Russian President Vladimir Putin and Russian Prime Minister Dmitry Medvedev during the opening of the Yeltsin Center on Nov. 25, 2015 in Nizhny Tagil, near Yekaterinburg, Russia. 
Photo by Sasha Mordovets/Getty

Russia accuses West of ‘new Cold War’ over Syria, Ukraine

MUNICH, Germany - Russia on Saturday accused world powers of fighting “a new Cold War” as Moscow came under pressure from the United States and NATO over its actions in Syria and Ukraine.

Dmitry Medvedev painted a grim picture of relations with the West, telling the Munich Security Conference that NATO’s stance on Russia remained “unfriendly and opaque.”

“One could go so far as to say we have slid back to a new Cold War,” he told a packed auditorium of ministers and policymakers. “Sometimes I wonder whether it is 2016 we are living in or 1962.”

RELATED: Will Syria ceasefire make a difference on the ground?

His comments came as NATO general secretary Jens Stoltenberg told the same conference that Russia is “destabilizing the European security order.” Stoltenberg said that as a result of the Ukraine conflict, NATO allies are taking the greatest effort for collective defense in decades.”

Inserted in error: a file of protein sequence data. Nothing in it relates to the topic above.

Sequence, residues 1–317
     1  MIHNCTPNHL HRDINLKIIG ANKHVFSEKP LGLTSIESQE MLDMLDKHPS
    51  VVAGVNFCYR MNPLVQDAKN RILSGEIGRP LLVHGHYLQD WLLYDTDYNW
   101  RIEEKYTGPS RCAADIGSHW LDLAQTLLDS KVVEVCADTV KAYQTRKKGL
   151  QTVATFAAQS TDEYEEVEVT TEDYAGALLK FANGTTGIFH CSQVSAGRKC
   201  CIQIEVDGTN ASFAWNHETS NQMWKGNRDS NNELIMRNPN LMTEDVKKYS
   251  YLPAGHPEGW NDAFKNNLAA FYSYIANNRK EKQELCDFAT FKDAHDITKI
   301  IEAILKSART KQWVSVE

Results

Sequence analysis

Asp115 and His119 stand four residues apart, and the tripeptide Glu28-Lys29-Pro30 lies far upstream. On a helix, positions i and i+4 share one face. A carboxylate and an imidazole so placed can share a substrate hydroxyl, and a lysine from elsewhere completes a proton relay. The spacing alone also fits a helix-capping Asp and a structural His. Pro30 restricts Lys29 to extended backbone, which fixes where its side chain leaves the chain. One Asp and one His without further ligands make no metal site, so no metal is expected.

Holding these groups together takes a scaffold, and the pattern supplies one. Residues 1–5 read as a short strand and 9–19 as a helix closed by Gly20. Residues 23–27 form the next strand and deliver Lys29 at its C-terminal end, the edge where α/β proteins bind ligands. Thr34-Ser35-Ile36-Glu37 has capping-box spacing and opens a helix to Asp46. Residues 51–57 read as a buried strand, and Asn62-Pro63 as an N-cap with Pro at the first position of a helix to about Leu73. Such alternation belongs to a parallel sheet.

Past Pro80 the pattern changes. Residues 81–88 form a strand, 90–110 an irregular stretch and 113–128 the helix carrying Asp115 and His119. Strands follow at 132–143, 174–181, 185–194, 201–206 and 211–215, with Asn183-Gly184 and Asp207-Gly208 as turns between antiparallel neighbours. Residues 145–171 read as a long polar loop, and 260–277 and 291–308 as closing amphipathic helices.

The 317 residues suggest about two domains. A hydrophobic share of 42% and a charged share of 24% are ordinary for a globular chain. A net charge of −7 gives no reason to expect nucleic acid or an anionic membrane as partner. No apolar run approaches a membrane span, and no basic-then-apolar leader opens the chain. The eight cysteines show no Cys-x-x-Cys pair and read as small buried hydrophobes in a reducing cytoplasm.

Russia’s actions are “aimed at intimidating its neighbors,” Stoltenberg said.

Secretary of State John Kerry added to the criticism, saying the majority of Russia’s bombings in Syria had been against legitimate opposition groups.

Medvedev said that only regular cooperation between Moscow and the United States could settle the situation in Syria, and repeated Russia’s denials that it is bombing civilians who are opposed to President Bashar Assad.

“I want to emphasize that regular cooperation between Russia and the United States will be crucial,” he said. “And I mean regular – every day.”

In a clear sign of allied solidarity, the United States has stepped up to increase its military presence in Europe in recent months - including the deployment of more equipment and troops, as well as an increase of military exercises, especially on Europe’s eastern borders.

Defense Secretary Ash Carter announced on February 2 that the Pentagon will request $3.4 billion next year for additional troops and training to counter “Russia’s aggression.” This is a fourfold increase from the current fiscal year, which reflects concerns of the U.S. administration and NATO allies about Moscow’s intentions in eastern Europe.

This article originally appeared on NBCNews.com.

John Kerry, Russia, Syria and Ukraine

Russia accuses West of 'new Cold War' over Syria, Ukraine